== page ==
APAM requests funds to support country's action plans for people with albinism
The Malawi Association of Persons with Albinism (APAM) has requested the government to provide funding to all stakeholders involved in the country's action plans for people with albinism.
MALAWI: The Malawi Association of Persons with Albinism (APAM) has requested the government to provide funding to all stakeholders involved in the country's action plans for people with albinism.
The association's president, Young Mhango, has questioned the fact that money is not given to people who have albinism in the country, a condition that has led the majority of the action plan's efforts to come to a halt.
His remarks come as the government has put aside 500 million kwacha in the budget for 2022/2023 to fund the implementation of action plans for the protection of people with albinism, as well as the creation of rehabilitation centers across the country.
Mhango applauded the administration for continuing to set aside funds for this reason in its budget.
He has, however, requested that the government ensure that the requirements relating to the assistance of people with albinism be met.
He said: "We were concerned that the government would cut funding, but the budget is similar to the fiscal year 2020–2021, therefore we are pleased."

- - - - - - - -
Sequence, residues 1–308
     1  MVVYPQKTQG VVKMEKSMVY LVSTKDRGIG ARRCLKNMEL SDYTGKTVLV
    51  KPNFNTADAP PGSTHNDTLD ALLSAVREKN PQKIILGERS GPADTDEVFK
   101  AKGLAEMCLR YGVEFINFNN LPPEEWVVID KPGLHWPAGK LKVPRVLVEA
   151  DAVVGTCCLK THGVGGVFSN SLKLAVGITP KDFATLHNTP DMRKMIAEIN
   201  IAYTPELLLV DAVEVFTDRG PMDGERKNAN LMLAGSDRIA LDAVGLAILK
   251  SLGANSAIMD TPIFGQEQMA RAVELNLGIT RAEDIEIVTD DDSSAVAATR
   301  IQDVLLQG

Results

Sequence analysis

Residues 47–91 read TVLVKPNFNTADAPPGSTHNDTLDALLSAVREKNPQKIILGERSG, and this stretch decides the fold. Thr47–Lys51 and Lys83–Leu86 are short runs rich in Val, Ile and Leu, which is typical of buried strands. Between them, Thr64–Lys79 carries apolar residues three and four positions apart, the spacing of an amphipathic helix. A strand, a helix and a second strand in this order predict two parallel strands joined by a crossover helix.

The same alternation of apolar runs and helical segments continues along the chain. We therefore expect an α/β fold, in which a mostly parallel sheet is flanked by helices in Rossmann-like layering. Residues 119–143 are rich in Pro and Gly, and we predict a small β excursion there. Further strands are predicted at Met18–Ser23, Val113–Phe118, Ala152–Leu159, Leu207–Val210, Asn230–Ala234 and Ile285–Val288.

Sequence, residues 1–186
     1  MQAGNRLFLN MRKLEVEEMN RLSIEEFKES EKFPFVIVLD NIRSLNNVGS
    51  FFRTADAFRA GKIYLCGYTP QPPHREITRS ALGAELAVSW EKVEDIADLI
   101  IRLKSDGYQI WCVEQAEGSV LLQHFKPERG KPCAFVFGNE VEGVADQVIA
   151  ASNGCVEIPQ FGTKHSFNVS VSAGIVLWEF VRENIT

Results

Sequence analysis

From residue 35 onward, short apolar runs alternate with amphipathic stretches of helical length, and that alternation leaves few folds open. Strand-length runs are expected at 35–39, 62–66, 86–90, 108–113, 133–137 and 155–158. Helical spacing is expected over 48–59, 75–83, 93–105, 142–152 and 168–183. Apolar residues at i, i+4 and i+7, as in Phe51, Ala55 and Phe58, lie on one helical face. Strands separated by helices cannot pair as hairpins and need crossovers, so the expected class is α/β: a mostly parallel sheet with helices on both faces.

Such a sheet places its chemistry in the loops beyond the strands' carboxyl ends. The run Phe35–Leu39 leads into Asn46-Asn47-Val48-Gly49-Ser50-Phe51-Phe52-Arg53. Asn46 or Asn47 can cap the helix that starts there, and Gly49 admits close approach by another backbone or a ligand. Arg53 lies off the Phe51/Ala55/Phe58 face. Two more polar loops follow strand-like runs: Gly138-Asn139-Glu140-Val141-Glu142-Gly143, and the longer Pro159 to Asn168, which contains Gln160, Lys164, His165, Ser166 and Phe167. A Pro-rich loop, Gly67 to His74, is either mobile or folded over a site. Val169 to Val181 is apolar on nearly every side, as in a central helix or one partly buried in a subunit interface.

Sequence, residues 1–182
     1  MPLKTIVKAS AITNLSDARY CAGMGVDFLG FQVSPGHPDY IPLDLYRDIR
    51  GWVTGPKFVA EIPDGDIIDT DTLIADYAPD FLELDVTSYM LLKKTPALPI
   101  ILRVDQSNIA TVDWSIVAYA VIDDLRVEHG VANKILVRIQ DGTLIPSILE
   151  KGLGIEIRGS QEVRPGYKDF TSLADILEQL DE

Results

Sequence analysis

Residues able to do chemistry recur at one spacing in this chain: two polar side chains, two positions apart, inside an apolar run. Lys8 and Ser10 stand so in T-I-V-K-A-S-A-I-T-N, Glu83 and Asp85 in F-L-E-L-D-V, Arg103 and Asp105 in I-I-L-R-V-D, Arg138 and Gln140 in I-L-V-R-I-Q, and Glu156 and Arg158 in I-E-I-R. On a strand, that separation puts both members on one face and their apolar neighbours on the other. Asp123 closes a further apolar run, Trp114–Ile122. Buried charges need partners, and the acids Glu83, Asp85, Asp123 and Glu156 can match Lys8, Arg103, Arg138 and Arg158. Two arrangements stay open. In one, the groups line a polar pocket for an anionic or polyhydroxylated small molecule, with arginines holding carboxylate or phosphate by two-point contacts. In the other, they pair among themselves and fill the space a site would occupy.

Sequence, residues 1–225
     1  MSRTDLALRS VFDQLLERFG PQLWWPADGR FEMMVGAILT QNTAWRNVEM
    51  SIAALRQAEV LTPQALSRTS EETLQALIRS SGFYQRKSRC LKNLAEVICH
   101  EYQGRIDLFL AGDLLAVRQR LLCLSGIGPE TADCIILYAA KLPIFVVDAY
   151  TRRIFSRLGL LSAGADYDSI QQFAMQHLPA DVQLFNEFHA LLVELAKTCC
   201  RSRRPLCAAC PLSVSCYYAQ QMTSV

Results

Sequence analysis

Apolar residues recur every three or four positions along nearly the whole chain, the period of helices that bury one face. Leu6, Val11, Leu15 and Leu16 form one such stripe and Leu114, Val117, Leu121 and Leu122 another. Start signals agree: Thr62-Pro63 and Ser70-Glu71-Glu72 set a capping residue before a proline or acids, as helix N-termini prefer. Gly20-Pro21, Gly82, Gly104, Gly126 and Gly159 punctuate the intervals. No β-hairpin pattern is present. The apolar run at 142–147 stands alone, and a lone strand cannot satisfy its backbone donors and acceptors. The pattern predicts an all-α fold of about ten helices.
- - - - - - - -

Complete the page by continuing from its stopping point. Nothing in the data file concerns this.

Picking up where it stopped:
Many of the projects and issues in the action plans, however, have come to a halt.
According to him, the government has a responsibility to ensure that monies are distributed to people with albinism through national action plans.
He has also urged the administration to guarantee that the monies will be saved for the appropriate purposes and distributed to persons with albinism as part of the country's action plans.
"The government should promise us that the funds earmarked to persons with albinism will be disbursed through national action plans," Mhango added. When questioned if the Tonse government is following through on its campaign pledges, Mhango said the process has been delayed so far.
He brought up the matter of the Tonse government's promise of a commission of investigation, which has yet to be implemented.
Furthermore, he voiced concern that this small population is still in danger and warned the public not to relax because albinism-related deaths have been reduced.
"It's a pity that the results of the commission of inquiry haven't been released yet. Because the killings have increased, we should not take this for granted.
"This is still a problem that we should all look into," Mhango added, "since people with albinism are still at risk."
Mhango stated that the results of the committee of inquiry might have been a breakthrough in the discovery of markets for their body parts, according to his organization.
"Perhaps the revelation of the conclusions of the panel of inquiry would have been a breakthrough in discovering the market for the body parts of people with albinism," he bemoaned.
During the 2020 election campaigns, the Tonse government promised to establish a commission of investigation into the terrible killings of persons with albinism in Malawi within the first 100 days of power.
However, the Tonse alliance has only been in power for nearly two years, and as a result, it has not been fulfilled.